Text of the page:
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Interprofessional, multitiered daily rounding management in a high-acuity hospital

Pracha Peter Eamranond (Brigham and Women's Hospital, Boston, Massachusetts, USA) (Harvard Medical School, Boston, Massachusetts, USA)
Arti Bhukhen (Middlesex Health, Middletown, Connecticut, USA)
Donna DiPalma (Saint Francis Hospital and Medical Center, Hartford, Connecticut, USA)
Schawan Kunuakaphun (Lawrence General Hospital, Lawrence, Massachusetts, USA)
Thomas Burke (Saint Francis Hospital and Medical Center, Hartford, Connecticut, USA)
John Rodis (Saint Francis Hospital and Medical Center, Hartford, Connecticut, USA)
Michael Grey (Department of Internal Medicine, Saint Francis Hospital and Medical Center, Hartford, Connecticut, USA) (University of Connecticut School of Medicine, Farmington, Connecticut, USA)

International Journal of Health Care Quality Assurance

ISSN: 0952-6862

Article publication date: 12 September 2020

Issue publication date: 2 November 2020




The purpose of this explanatory case study is to explain the implementation of interprofessional, multitiered lean daily management (LDM) and to quantitatively report its impact on hospital safety.


This case study explained the framework for LDM implementation and changes in quality metrics associated with the interprofessional, multitiered LDM, implemented at Saint Francis Hospital and Medical Center (SFHMC) at the end of 2018. Concepts from lean, Total Quality Management (TQM) and high reliability science were applied to develop the four tiers and gemba rounding components of LDM. A two-tailed t-test analysis was utilized to determine statistical significance for serious safety events (SSEs) comparing the intervention period (January 2019–December 2019) to the baseline period (calendar years 2017 and 2018). Other quality and efficiency metrics were also tracked.


LDM was associated with decreased SSEs in 2019 compared to 2017 and 2018 (p ≤ 0.01). There were no reportable central line-associated blood stream infection (CLABSI) or catheter-associated urinary tract infection (CAUTI) for first full calendar quarter in the hospital's history. Hospital-acquired pressure injuries were at 0.2 per 1,000 patient days, meeting the annual target of <0.5 per 1,000 patient days. Outcomes for falls with injury, hand hygiene and patient experience also trended toward target. These improvements occurred while also observing a lower observed to expected length of stay (O/E LOS), which is the organizational marker for hospital’s efficiency.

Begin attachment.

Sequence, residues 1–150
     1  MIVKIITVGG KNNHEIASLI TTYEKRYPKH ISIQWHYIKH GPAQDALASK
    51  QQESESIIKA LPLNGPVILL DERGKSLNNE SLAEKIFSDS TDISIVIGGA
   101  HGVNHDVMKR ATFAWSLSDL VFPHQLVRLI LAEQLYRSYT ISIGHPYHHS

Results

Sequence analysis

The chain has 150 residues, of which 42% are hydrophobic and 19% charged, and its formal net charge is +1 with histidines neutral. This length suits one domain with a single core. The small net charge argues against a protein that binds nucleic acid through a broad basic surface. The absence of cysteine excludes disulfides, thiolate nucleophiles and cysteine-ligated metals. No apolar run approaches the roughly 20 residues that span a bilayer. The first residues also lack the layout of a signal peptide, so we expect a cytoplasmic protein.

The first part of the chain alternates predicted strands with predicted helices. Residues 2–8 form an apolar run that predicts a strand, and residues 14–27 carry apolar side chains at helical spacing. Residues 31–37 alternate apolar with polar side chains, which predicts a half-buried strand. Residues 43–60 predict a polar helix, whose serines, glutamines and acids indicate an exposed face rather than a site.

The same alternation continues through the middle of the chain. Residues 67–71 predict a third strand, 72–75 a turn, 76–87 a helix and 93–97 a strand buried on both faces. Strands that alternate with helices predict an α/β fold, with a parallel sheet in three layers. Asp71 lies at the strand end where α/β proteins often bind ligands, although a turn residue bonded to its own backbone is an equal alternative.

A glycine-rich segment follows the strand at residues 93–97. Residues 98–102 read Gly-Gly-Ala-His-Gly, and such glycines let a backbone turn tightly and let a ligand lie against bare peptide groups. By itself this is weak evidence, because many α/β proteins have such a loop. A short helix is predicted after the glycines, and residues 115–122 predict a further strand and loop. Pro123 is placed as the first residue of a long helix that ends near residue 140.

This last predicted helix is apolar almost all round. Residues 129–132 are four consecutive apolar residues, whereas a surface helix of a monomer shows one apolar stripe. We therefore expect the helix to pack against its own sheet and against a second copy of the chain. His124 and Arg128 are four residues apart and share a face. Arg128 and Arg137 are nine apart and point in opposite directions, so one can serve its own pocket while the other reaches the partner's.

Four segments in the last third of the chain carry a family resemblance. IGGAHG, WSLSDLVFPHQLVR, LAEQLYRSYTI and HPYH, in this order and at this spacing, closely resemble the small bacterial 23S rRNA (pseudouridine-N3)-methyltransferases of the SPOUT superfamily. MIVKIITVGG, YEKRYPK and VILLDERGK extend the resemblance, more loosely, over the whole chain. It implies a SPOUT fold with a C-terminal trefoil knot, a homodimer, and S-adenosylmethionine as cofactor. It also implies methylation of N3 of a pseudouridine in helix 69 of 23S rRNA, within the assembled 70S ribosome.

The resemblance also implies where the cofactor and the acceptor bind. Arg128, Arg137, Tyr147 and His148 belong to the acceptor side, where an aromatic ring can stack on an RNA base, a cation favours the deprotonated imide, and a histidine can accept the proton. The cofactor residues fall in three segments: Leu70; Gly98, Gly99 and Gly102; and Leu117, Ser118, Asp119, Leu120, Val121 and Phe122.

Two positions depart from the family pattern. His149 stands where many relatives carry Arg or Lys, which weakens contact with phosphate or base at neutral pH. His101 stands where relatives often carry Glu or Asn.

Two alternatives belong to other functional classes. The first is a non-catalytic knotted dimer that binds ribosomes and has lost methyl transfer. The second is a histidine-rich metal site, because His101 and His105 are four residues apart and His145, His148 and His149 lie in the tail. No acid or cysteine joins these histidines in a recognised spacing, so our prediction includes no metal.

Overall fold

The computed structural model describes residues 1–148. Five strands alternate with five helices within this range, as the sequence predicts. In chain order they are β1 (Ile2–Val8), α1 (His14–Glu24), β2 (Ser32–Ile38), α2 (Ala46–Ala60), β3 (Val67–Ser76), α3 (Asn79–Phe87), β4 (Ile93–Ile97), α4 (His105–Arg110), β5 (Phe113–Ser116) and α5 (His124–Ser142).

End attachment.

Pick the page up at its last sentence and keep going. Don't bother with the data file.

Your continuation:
Research limitations/implications

LDM may contribute greatly to improve safety outcomes. This observational study was performed in an urban, high-acuity, low cost hospital which may not be representative of other hospitals. Further study is warranted to determine whether this model can be applied more broadly to other settings.

Practical implications

LDM can be implemented quickly to achieve an improvement in hospital safety and other health-care quality outcomes. This required a redistribution of time for hospital staff but did not require any significant capital or other investment.

Social implications

As hospital systems move from a volume-based to value-based health-care delivery model, dynamic interventions using LDM can play a pivotal role in helping all patients, particularly in underserved settings where lower cost care is required for sustainability, given limited available resources.


While many hospital systems promote organizational rounding as a routine quality improvement process, this study shows that a dynamic, intense LDM model can dramatically improve safety within months. This was done in a challenging urban environment for a high-acuity population with limited resources.



Eamranond, P.P., Bhukhen, A., DiPalma, D., Kunuakaphun, S., Burke, T., Rodis, J. and Grey, M. (2020), "Interprofessional, multitiered daily rounding management in a high-acuity hospital", International Journal of Health Care Quality Assurance, Vol. 33 No. 6, pp. 447-461.



Emerald Publishing Limited

Copyright © 2020, Emerald Publishing Limited

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